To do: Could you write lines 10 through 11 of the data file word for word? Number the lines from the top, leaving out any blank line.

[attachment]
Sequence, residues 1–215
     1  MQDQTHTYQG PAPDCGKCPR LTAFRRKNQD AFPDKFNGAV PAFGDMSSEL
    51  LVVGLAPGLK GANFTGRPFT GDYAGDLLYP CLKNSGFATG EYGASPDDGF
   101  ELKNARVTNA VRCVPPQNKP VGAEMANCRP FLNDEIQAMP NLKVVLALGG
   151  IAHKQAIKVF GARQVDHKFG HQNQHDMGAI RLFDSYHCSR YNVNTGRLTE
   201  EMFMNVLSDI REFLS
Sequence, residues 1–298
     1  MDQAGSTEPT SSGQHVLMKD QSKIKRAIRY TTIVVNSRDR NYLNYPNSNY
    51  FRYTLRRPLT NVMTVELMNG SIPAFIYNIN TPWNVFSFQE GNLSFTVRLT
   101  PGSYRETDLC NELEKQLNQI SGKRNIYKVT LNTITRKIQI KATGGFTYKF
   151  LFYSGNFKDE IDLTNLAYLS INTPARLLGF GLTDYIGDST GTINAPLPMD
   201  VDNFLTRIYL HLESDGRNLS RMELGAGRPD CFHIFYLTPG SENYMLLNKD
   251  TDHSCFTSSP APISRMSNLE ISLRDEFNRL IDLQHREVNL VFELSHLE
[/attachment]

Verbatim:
   101  PGSYRETDLC NELEKQLNQI SGKRNIYKVT LNTITRKIQI KATGGFTYKF
   151  LFYSGNFKDE IDLTNLAYLS INTPARLLGF GLTDYIGDST GTINAPLPMD